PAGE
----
As marketing dollars have become more scarce, the importance of measuring ROI and building a business case to support investment has become paramount. For those seeking to better understand this subject, here’s a “simple” methodology for quantifying value. In this case, we’ll look at ROS (return on spend = expected revenue divided by cost of online media) and ROI (expected net present value divided by total investment) from online campaigns. If you find it to be of value, or if you have additional questions, please comment below.
Steps to Calculating Value
1. Determine the Value metric (Revenue, Margin, NPV) of a customer.
Some companies look at value of a transaction, annual revenue per customer or lifetime value (profit) of a customer. Some assign higher values for new customers vs. a new sale to an existing customer. You need to determine what is best for your organization (hint: choose the metric that is most used by your executives). For this example, let’s assume your average sale is $1,000 and that the lifetime value of a customer is $5,000.
2. Assign conversion rates to approximate close rates.
Let’s assume 3% of site visitors request more information (inquiries) and that 30% of inquiries complete a purchase. If you’ve done online campaigns before, you should have a basis for inquiry rates. Hopefully your VP-Sales know how many leads convert to a transaction. If 3% of visitors become leads, and 30% of leads are closed, 0.9% of visitors will become customers.
3. Determine what your cost or investment will be.
Let’s assume you will spend $10,000 in online advertising (display, search, email, etc.) this month.
4. Do the math to calculate ROS and ROI:
Assuming your efforts drive 2,000 incremental visitors to your site (cost: $5 each) you should see 60 new leads (3% conversion rate) and 18 new customers (30% close rate) worth $18,000 in revenue or $1.80 direct ROS ($1.80 in revenue for every $1 spent).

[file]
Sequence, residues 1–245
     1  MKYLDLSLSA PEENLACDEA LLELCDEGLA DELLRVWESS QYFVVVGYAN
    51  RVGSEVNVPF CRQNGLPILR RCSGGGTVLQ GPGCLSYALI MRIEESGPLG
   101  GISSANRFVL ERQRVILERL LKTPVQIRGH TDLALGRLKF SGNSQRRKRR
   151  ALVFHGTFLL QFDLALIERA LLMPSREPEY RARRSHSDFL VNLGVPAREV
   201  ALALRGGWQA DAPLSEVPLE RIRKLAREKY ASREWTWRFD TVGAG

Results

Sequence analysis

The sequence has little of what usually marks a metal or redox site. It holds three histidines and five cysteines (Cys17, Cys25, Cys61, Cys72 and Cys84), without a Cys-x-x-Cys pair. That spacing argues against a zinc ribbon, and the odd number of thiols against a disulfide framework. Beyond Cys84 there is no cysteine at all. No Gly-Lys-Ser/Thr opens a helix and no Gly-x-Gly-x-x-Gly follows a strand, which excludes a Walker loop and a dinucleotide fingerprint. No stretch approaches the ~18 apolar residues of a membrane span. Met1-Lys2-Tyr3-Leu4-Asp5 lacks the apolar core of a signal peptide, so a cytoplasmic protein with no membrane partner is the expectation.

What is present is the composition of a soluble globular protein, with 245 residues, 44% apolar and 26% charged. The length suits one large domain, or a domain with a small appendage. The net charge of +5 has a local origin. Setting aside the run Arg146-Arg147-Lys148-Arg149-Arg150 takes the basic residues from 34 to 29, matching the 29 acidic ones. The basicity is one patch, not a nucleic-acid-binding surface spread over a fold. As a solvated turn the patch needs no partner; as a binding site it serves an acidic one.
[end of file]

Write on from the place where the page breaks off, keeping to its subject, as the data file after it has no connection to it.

The Net Present Value of the 18 customers is $90,000 ($5,000 each) yielding a Return On Investment of 900%.
If you present these types of results to your CFO, you’ll quickly find a lot of interest (and dollars) in online marketing.
Another Metric: Value per Engagement
Another way to measure results is calculating value per engagement (visit, inquiry, etc.). In the example above, each visit is worth $9 in revenue ($18,000 divided by 2,000 visits), whereas each inquiry is worth $300 ($18k divided by 60), compared to a cost per visit of $5 and a cost per inquiry of $166.67.
Remember Your Margins
While revenue is an easy metric to measure, margins are much more important. Assuming your gross margin is 60%, you are making profit as long as your cost per visit is less than $5.40 or cost per inquiry is less than $180.
Please use good judgment when applying these methodologies to your own business. Again, these are not a panacea for every situation. But hopefully, they will give you some building blocks for quantifying the impact of your interactive marketing program. If you have specific questions, please leave them here. I can’t promise I’ll know the answer, but I’ll do my best to help you figure it out. Happy number crunching!
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